Seeds of Earth (Humanity's Fire) by Michael Cobley
|Seeds of Earth (Humanity's Fire) by Michael Cobley|
|Category: Science Fiction|
|Reviewer: Lesley Mason|
|Summary: Solid Sci-fi in the Humanity against the Universe vein. A few too many aliens, described in too much detail, when their impact on the story is minimal impedes what is otherwise a solid plot of myth, magic, mechanics and old-fashioned political intrigue.|
|Buy? Maybe||Borrow? Yes|
|Pages: 656||Date: January 2010|
It's a strange fact of the human psyche that while we send out our travellers in peace and exploration…we fear that whoever else is travelling out there, towards here, does so with malice aforethought.
Cobley is no exception to this rule. In his future world Earth's first contact with aliens came with the Swarm: a species of many reptilian similarities yet their appearance was unavoidably insectoid. With six, eight, ten or more limbs they could be as small as a pony or as large as a whale… and they ravaged through our home galaxy like locusts destroying all in their path.
That was a 150 years ago. We – the human race, that is – we fought back, but we were never going to win. Our last, best hope (as the voice-overs always have it) was to send out the colony ships. The programme was in place, some fifteen or more exploration and settlement vessels were under construction when the swarm war arrived. Only three were despatched: Hyperion, Forrestal & Tenebrosa – all fitted with the new translight drive and all placed in the care and custody of AI's programmed to avoid pursuit by random space jumps and to seek out not the strange new worlds of Star Trek fame, but Earth-like ones, where humanity has a hope of surviving.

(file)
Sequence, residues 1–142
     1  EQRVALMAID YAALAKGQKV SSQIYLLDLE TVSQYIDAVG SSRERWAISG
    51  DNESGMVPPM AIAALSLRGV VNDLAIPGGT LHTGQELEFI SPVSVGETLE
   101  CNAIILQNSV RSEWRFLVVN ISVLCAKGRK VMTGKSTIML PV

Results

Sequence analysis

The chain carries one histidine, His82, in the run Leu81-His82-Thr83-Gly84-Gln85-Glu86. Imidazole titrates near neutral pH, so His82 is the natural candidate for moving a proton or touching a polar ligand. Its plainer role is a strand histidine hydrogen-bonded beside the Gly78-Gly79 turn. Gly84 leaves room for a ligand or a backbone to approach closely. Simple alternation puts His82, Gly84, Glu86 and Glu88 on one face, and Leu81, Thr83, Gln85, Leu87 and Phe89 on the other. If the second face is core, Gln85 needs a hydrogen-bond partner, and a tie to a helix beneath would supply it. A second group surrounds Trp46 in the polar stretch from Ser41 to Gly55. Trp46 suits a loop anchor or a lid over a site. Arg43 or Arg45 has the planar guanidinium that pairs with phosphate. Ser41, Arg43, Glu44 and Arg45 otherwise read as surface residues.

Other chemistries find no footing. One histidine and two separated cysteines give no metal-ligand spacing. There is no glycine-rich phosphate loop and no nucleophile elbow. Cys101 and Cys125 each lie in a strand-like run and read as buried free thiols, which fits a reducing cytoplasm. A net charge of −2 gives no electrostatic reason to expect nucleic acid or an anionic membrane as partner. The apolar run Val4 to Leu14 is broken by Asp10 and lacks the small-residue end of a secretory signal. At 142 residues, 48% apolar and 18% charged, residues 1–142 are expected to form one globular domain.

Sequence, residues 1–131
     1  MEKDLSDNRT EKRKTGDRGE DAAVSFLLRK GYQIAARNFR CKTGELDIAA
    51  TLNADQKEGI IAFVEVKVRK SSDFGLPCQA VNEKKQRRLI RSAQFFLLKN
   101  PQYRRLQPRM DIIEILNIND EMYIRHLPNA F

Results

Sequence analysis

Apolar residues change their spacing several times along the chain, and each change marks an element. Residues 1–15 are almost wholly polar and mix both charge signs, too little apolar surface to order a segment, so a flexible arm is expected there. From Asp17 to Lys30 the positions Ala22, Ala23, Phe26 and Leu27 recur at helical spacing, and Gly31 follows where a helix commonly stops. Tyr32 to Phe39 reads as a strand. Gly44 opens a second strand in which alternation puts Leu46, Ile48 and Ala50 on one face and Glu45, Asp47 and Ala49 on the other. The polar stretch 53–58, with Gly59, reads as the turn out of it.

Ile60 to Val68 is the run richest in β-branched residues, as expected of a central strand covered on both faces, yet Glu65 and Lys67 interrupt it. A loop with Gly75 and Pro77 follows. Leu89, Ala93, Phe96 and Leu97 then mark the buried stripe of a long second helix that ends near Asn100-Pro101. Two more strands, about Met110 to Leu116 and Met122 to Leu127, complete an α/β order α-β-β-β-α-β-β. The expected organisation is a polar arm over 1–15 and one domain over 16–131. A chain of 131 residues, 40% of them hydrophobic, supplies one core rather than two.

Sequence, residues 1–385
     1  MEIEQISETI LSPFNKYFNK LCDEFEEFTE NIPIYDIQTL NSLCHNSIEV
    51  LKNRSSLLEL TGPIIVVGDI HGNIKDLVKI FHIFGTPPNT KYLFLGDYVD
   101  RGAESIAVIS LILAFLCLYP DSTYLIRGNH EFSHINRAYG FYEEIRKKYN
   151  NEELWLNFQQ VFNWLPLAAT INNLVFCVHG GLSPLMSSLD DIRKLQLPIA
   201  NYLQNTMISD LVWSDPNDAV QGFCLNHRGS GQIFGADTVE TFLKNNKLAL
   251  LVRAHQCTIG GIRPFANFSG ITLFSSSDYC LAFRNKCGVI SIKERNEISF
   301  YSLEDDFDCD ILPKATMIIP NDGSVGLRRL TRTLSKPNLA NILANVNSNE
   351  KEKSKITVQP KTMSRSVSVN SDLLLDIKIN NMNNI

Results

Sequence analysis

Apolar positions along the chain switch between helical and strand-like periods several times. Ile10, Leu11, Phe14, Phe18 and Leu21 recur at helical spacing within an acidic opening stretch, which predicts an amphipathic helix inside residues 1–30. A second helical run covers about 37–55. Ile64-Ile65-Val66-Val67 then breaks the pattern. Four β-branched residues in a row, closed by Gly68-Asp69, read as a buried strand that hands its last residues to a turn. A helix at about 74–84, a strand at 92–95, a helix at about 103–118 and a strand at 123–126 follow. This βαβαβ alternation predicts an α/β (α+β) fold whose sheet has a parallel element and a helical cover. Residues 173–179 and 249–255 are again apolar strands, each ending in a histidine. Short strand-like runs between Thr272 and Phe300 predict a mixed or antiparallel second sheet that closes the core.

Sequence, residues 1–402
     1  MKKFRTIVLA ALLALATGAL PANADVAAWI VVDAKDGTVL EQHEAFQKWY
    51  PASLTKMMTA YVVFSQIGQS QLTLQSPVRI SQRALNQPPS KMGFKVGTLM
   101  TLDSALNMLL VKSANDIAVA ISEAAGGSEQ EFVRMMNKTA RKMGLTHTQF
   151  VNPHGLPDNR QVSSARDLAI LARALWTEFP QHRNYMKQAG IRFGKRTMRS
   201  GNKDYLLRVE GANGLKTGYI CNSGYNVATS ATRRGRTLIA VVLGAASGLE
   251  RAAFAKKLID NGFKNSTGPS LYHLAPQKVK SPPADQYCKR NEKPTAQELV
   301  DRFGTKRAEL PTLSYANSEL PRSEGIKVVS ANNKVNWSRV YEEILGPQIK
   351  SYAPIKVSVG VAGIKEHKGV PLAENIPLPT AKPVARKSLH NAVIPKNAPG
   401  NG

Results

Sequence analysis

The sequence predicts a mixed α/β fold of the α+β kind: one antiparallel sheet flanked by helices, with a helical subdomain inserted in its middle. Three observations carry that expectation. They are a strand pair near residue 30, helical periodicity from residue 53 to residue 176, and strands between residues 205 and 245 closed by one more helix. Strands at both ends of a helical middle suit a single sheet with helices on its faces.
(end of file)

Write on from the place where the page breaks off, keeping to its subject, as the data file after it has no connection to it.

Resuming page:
Now, those 150 years later, on Darien that hope has come to fruition. The descendants of the travellers live in peaceful communion with the indigenous Uvovo: a slender, diminutive race, with large amber eyes, set in a small face. The Uvovo are a quiet, scholarly people with myths and legends of the ancient past when wars were fought and the current world became as they now know it.
They have a deep relationship with Segrana: the spirit of the forest, or maybe the forest herself…and it is hard to escape parallels with Tolkien's elves. But this is no Middle Earth, and in fairness, Cobley is no Tolkien.
To take the downside of those comments first: Cobley can match the master step for step in imagination. The world he has created is every bit as complete as The Shire and the Mines of Moria and all the rest. Where he slips however is in restraint. Every last imagined detail he feels the need to share, to the detriment at times of keeping the story flowing or the mood intact.
Ships that we will pass in the fight are described in minute technicality; every hard dark street must have its buildings enumerated; a cop on the run cannot grab a bite to eat without us having to consider exactly what creature and vegetable provide its filling. The devil truly is in the detail. Without it the worlds out there in space cannot be realised in our minds, but too much of it and we find ourselves trying to keep track of the irrelevant and losing the plot in the pursuit.